Abortion Drugs Given in Iowa via Video Link. "The situation has played out hundreds of times. From his office here, a doctor asks a woman on the computer screen before him one final question: Are you ready to take your pill? Then, with a click of his mouse, a modified cash register drawer pops open in front of the woman seated next to a nurse in a clinic — perhaps 100 miles from this city — with mifepristone, the medicine formerly known as RU-486, that is meant to end her pregnancy." [Via]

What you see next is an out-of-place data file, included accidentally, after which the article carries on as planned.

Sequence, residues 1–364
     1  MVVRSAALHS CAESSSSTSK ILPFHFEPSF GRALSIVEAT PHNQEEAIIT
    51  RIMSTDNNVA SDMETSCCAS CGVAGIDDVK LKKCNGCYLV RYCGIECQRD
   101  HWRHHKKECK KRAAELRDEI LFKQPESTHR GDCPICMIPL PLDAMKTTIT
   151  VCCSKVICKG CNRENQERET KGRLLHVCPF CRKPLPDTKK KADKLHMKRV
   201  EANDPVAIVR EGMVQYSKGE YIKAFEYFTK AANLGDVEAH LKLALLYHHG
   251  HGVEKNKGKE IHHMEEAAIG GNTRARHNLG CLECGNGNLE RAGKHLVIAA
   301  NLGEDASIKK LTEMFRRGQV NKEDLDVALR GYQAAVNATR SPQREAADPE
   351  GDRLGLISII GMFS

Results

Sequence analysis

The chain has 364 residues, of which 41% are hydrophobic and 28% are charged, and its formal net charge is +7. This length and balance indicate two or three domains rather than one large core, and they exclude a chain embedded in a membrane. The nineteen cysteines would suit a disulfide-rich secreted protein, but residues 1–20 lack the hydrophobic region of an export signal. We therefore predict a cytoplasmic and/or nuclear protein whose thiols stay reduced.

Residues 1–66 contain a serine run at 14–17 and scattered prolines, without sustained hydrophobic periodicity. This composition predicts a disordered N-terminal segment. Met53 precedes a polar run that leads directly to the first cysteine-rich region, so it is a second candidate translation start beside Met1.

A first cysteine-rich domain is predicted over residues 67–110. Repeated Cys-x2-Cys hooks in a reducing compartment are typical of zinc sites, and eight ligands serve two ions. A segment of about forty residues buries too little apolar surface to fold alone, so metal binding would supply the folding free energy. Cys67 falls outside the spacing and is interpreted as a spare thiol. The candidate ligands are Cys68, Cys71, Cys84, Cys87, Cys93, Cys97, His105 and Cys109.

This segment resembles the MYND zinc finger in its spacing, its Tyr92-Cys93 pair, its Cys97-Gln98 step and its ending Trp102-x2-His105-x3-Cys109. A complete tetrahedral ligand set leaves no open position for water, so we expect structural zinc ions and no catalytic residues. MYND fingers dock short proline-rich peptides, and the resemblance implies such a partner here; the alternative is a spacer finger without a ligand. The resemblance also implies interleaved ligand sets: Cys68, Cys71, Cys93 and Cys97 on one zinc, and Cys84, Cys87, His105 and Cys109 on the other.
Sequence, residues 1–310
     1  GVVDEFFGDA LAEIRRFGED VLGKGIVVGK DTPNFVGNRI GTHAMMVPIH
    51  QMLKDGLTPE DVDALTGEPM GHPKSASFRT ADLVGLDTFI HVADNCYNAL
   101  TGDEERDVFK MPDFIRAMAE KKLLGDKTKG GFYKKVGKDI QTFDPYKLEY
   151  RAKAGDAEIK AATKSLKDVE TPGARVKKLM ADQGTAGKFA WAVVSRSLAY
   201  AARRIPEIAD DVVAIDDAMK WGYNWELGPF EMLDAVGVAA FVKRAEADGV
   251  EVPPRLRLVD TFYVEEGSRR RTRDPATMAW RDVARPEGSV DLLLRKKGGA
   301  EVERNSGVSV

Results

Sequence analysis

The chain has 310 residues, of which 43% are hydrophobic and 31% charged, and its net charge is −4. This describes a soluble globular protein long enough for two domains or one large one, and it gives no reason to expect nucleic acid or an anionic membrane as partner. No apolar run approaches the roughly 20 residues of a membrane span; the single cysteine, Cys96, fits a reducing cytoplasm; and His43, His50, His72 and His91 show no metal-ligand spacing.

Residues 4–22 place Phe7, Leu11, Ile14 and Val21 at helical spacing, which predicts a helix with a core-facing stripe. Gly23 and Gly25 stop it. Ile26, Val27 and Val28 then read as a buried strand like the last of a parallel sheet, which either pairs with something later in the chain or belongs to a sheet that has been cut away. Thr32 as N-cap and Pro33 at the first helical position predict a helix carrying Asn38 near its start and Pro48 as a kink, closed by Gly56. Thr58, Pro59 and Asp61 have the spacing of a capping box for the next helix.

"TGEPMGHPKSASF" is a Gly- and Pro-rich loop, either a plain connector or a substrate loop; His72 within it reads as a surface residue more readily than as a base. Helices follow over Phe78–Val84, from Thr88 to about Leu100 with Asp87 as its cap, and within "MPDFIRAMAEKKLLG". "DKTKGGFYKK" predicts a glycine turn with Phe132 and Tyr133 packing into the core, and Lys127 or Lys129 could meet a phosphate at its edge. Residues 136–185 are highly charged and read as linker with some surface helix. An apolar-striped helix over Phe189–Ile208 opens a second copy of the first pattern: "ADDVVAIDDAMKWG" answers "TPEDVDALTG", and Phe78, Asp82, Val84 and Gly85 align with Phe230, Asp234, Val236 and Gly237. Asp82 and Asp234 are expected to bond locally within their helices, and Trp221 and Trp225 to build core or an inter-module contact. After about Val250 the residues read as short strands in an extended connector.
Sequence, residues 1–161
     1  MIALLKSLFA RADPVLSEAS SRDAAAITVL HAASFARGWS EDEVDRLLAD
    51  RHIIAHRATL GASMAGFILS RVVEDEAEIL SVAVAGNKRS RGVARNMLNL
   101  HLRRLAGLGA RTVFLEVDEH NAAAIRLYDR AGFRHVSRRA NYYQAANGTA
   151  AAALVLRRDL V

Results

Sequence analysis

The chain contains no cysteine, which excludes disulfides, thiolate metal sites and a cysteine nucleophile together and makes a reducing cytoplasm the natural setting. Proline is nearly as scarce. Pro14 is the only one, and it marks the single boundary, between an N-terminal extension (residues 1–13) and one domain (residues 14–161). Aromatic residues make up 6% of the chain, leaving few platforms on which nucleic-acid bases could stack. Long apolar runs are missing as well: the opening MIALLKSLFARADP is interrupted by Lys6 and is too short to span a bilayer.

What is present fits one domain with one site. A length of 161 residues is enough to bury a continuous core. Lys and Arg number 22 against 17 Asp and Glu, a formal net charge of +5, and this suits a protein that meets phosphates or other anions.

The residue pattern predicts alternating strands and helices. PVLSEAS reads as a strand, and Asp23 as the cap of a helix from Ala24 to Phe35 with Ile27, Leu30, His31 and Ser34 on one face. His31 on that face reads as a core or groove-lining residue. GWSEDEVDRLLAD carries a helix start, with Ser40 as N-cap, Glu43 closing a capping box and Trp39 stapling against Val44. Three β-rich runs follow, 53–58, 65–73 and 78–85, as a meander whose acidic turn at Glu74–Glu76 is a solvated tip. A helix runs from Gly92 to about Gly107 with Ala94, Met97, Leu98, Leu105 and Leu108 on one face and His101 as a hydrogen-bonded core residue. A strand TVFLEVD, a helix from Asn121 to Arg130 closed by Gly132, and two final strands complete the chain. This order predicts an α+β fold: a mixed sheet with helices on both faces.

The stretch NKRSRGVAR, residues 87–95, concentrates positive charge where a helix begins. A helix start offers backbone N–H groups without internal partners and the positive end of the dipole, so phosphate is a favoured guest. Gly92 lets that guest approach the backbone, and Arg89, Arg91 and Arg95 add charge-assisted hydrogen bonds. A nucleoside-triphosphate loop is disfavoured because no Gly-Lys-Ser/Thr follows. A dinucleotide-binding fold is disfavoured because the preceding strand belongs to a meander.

The Torture Papers. "In the most comprehensive investigation to date of health professionals' involvement in the CIA's 'enhanced' interrogation program (EIP), Physicians For Human Rights has uncovered evidence that indicates the Bush administration apparently conducted illegal and unethical human experimentation and research on detainees in CIA custody. The apparent experimentation and research appear to have been performed to provide legal cover for torture, as well as to help justify and shape future procedures and policies governing the use of the 'enhanced' interrogation techniques. The PHR report, Experiments in Torture: Human Subject Research and Evidence of Experimentation in the 'Enhanced' Interrogation Program, is the first to provide evidence that CIA medical personnel engaged in the crime of illegal experimentation after 9/11, in addition to the previously disclosed crime of torture." [more inside]